Gilliies MacKinnon's 1996 film is a beautifully shot, tragic tale set in 1968 gangland Glasgow and, for me, is one of best British films of the 1990s, ranking alongside Trainspotting (with which it has a number of superficial similarities), Secrets and Lies, Wonderland, My Name Is Joe and Topsy Turvy. However, whilst the film is (largely) centred on gang culture, it is really more of a 'coming of age' drama, with perhaps more similarities to Ken Loach's masterpiece Kes. Sadly, it is a film that has never received the critical (or commercial) acclaim it really deserves.
Small Faces tells the story of the three brothers MacLean. The film is part-narrated by 13-year old Lex (brilliantly played by newcomer Iain Robertson, and looking like a very youthful Pete Townshend) who, together with brothers Alan (Joseph McFadden) - who, perhaps surprisingly for a Gorbals upbringing, has artistic ambitions - and Bobby (Steven Duffy) - the dysfunctional, dyslexic and increasingly psychotic black sheep of the family - is struggling to come to terms with the growing pains of adolescence. The brothers' upbringing is further challenged by the fact that the responsibility has fallen solely on the shoulders of their mother Lorna (superbly played by Clare Higgins) since the death of their father. Torn between the artistic ambitions of Alan, and Bobby's involvement with local gang, the Glens - fierce rivals of the Tongs - Lex becomes ensnared in an emotional maelstrom of divided loves and loyalties.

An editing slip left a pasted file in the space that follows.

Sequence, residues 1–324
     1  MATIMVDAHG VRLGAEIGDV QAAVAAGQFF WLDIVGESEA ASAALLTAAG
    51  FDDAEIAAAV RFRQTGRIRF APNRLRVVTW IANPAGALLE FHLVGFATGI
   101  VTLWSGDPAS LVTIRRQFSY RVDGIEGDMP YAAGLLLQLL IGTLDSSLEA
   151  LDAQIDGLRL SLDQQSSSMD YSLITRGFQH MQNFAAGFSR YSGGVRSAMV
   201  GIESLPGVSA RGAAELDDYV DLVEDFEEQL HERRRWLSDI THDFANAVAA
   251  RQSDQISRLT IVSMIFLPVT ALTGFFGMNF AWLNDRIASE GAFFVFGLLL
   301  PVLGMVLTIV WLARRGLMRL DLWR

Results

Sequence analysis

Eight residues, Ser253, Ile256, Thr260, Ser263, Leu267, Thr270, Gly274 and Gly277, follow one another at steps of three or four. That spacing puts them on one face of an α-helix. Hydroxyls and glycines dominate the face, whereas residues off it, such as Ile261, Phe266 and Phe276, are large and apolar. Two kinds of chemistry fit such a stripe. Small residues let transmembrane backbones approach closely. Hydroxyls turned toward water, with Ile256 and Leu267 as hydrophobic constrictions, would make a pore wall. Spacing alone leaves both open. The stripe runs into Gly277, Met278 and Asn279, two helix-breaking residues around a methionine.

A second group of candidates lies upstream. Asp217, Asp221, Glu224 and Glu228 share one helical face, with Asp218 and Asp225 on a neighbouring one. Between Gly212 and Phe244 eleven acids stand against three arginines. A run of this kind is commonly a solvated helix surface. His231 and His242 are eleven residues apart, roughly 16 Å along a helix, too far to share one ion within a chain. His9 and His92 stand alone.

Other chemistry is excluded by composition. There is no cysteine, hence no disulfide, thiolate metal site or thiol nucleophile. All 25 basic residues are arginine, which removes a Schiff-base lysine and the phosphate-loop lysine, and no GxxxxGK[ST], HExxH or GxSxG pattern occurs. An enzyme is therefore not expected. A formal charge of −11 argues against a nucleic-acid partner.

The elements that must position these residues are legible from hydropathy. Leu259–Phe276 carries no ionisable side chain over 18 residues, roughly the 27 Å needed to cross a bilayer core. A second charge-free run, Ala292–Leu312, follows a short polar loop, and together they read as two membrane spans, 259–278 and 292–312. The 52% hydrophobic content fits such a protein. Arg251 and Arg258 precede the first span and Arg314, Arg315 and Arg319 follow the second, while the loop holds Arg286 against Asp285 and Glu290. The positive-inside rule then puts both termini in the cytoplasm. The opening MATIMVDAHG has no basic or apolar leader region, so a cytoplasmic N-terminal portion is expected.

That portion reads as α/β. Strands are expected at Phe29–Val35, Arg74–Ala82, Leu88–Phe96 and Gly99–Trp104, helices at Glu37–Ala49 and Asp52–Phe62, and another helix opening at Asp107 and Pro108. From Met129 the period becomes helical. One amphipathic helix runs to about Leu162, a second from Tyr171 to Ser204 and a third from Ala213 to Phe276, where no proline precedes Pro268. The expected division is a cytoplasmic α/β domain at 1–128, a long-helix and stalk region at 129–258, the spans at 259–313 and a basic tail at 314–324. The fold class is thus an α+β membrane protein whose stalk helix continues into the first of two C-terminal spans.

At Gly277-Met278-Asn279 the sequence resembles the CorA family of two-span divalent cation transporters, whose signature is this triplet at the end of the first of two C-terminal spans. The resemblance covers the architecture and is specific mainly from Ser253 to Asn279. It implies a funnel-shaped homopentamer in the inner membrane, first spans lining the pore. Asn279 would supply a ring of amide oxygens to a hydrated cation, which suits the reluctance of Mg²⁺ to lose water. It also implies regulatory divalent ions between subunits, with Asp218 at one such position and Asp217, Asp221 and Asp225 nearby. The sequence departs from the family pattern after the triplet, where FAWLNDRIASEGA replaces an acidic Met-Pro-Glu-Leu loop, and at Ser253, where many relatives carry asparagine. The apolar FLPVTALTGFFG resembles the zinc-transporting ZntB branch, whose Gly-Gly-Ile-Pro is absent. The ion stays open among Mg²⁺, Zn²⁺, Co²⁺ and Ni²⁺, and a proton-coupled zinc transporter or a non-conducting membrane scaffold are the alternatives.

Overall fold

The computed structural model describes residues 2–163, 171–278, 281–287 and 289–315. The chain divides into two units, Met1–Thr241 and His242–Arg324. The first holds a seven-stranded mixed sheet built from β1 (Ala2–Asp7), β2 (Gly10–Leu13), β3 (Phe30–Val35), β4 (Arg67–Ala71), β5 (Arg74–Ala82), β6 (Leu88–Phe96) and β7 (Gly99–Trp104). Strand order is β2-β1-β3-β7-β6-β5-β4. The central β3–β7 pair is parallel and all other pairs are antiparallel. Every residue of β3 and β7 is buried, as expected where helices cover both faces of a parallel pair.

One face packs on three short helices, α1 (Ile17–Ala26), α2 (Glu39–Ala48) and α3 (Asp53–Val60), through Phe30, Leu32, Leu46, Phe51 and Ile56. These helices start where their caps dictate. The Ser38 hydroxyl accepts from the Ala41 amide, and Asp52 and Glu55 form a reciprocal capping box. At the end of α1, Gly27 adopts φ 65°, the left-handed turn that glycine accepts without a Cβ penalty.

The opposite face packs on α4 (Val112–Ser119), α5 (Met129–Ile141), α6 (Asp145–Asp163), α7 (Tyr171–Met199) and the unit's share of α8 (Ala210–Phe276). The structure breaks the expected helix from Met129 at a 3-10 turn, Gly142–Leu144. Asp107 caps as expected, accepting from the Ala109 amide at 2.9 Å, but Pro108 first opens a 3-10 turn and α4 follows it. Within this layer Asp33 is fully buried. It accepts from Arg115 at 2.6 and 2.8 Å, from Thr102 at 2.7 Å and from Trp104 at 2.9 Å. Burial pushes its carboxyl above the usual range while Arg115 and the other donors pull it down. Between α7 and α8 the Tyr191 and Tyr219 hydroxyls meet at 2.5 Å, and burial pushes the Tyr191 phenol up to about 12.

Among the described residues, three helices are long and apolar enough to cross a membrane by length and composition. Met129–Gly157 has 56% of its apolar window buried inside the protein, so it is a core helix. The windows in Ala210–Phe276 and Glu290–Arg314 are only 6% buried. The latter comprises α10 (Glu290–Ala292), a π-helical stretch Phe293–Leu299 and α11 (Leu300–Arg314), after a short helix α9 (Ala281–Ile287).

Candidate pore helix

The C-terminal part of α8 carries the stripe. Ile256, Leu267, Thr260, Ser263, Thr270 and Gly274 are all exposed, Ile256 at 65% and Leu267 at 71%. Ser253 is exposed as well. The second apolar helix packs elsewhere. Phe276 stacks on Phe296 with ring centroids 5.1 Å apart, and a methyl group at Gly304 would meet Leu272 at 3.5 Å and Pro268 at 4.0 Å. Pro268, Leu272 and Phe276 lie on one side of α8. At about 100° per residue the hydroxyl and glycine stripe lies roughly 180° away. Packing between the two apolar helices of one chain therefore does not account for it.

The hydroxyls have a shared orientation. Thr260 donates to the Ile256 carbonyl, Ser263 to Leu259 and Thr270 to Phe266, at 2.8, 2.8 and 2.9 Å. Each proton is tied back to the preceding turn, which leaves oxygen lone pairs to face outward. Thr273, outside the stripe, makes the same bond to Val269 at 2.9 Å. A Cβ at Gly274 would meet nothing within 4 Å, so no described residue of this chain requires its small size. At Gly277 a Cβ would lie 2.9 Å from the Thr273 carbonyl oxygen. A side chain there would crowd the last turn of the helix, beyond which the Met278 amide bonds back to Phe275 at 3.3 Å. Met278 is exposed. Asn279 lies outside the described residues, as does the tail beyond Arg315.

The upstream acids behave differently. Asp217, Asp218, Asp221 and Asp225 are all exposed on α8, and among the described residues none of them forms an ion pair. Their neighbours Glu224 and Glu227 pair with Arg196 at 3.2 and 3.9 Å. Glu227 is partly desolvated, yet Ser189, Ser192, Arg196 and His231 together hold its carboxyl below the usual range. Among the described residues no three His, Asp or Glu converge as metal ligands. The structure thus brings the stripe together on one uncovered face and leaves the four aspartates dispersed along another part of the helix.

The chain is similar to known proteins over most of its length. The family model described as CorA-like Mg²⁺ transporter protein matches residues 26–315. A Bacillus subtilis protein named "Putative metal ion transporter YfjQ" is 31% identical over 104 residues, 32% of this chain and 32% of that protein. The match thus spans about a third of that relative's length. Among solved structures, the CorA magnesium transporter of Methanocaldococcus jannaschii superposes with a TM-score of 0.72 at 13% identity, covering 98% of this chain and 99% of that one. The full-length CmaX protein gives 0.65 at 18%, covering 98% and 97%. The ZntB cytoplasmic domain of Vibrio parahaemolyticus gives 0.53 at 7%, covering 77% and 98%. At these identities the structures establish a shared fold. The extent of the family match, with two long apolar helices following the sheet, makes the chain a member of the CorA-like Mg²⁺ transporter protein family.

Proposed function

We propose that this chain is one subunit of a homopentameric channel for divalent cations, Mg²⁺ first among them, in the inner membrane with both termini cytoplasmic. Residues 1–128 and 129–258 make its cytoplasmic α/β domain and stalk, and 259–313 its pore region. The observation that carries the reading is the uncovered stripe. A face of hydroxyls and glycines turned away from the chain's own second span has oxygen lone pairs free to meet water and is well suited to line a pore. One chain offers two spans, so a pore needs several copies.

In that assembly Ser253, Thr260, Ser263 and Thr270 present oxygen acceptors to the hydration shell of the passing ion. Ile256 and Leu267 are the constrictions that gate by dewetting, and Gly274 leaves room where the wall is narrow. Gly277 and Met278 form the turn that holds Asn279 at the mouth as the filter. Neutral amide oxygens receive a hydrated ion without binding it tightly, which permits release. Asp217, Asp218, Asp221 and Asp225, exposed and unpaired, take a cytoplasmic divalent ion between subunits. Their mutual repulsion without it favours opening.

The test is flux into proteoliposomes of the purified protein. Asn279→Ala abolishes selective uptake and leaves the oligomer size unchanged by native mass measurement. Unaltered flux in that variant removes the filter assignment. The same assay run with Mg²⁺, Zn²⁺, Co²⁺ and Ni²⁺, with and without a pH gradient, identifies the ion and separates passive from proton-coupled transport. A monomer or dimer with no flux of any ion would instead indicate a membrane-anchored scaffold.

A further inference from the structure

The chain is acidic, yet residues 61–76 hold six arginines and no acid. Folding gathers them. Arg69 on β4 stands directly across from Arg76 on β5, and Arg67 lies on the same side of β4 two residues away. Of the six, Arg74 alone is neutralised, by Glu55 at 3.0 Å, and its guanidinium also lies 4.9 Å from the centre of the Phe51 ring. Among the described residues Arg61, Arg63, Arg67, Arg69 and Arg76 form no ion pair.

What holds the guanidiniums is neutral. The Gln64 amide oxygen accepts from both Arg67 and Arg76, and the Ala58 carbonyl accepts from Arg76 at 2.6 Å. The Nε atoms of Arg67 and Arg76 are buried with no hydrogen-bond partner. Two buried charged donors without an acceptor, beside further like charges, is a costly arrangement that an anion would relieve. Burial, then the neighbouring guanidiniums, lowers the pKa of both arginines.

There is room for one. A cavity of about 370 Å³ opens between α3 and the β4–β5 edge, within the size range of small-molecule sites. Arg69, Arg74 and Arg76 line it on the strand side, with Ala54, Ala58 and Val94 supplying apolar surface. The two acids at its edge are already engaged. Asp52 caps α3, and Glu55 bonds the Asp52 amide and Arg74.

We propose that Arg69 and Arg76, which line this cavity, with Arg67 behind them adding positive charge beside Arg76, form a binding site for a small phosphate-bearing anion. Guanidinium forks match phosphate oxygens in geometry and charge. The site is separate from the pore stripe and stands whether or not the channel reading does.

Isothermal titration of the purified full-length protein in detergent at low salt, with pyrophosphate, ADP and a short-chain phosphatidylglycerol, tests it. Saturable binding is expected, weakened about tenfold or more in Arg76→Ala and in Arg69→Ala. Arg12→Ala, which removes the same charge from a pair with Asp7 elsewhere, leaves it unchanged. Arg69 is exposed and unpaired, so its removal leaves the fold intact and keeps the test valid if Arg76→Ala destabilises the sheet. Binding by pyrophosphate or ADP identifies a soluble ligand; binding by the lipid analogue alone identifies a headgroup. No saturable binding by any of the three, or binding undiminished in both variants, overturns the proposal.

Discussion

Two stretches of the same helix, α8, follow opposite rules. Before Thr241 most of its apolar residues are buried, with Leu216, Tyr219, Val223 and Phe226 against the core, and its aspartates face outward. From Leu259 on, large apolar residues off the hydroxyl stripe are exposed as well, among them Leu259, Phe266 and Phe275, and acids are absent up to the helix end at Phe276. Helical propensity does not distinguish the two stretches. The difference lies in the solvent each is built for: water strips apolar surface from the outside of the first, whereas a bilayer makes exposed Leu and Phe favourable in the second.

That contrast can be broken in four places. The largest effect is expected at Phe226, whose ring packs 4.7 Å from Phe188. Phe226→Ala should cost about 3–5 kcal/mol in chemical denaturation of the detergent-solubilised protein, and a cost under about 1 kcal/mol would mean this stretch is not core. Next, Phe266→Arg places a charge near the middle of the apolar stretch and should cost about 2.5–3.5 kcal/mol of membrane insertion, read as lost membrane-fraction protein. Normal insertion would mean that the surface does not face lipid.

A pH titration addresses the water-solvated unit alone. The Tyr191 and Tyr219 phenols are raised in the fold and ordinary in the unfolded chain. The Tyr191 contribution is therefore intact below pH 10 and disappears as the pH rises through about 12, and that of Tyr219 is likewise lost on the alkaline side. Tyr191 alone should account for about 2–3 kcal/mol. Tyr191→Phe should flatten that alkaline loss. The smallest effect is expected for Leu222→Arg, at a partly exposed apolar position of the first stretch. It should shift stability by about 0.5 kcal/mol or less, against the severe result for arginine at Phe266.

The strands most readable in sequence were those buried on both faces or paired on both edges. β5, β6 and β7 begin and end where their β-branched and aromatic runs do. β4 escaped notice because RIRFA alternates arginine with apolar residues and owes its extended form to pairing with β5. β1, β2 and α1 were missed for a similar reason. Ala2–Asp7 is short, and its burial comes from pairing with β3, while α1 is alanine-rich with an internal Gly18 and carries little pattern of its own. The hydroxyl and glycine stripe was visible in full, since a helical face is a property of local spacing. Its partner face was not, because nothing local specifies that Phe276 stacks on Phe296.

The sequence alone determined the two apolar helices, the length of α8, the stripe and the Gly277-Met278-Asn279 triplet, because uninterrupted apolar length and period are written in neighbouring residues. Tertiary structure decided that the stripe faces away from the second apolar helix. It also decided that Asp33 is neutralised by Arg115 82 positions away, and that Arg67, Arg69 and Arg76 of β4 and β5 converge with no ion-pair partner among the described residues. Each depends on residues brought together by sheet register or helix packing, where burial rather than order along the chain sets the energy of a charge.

MacKinnon sets his film in the working class, high-rise housing estates (concrete jungles) of 1960s Glasgow, and has created a totally authentic atmosphere of youth angst, deprivation and gang rivalry, which has not been equalled since in British film (although Peter Mullan's 2010 film NEDS gets very close). However, in addition to showing the grim reality of violent gang conflict, MacKinnon also manages to communicate, in a quite beautiful and poignant manner, the more creative aspirations of his protagonists, in the process making Small Faces an original gem of a film. Indeed, despite Lex's toying with adult preoccupations, he manages to retain his youthful outlook on life - towards the end of the film there is a brilliant scene of him singing along at a children's cinema matinee, and he concludes the film with the reassuring 'I dreamt I was a man - luckily when I woke up I was still a boy'.
All three of the actors playing the MacLean brothers deliver brilliant, and each very different, performances. In fact, for me, Iain Robertson delivers the best portrayal of teenage angst since the aforementioned Kes, which featured David Bradley in the equivalent role. Acting honours also go to Clare Higgins as the mother Lorna, Garry Sweeney as Charlie Sloane (leader of the Glens), Laura Fraser (as Joanne, 'habitual girlfriend' and infatuation of many of the protagonists! and reminiscent in this film of Christina Ricci at her The Ice Storm and Buffalo '66 best) and Kevin McKidd (as Malky Mackay, leader of the Tongs). It is also worth noting these latter two actors - Fraser and McKidd - were reunited 7 years later in Richard Jobson's excellent film debut 16 Years Of Alcohol, which dealt with a similar subject matter as Small Faces.
It is also sad to note that none of the promising acting talent that appeared in Small Faces has gone on to achieve significant artistic or commercial cinematic success. Perhaps the main exception to this is Kevin McKidd, who subsequently appeared in Mike Leigh's brilliant Topsy Turvy and, as noted above, 16 Years Of Alcohol, but has since focused on US-based opportunities, including such nonsense as the TV production Rome.
Final mention goes to the impressive film soundtrack which features some great music from the era, including The Spencer Davis Group's Keep On Running and Zager and Evans' In The Year 2525.
A much neglected, classic British film.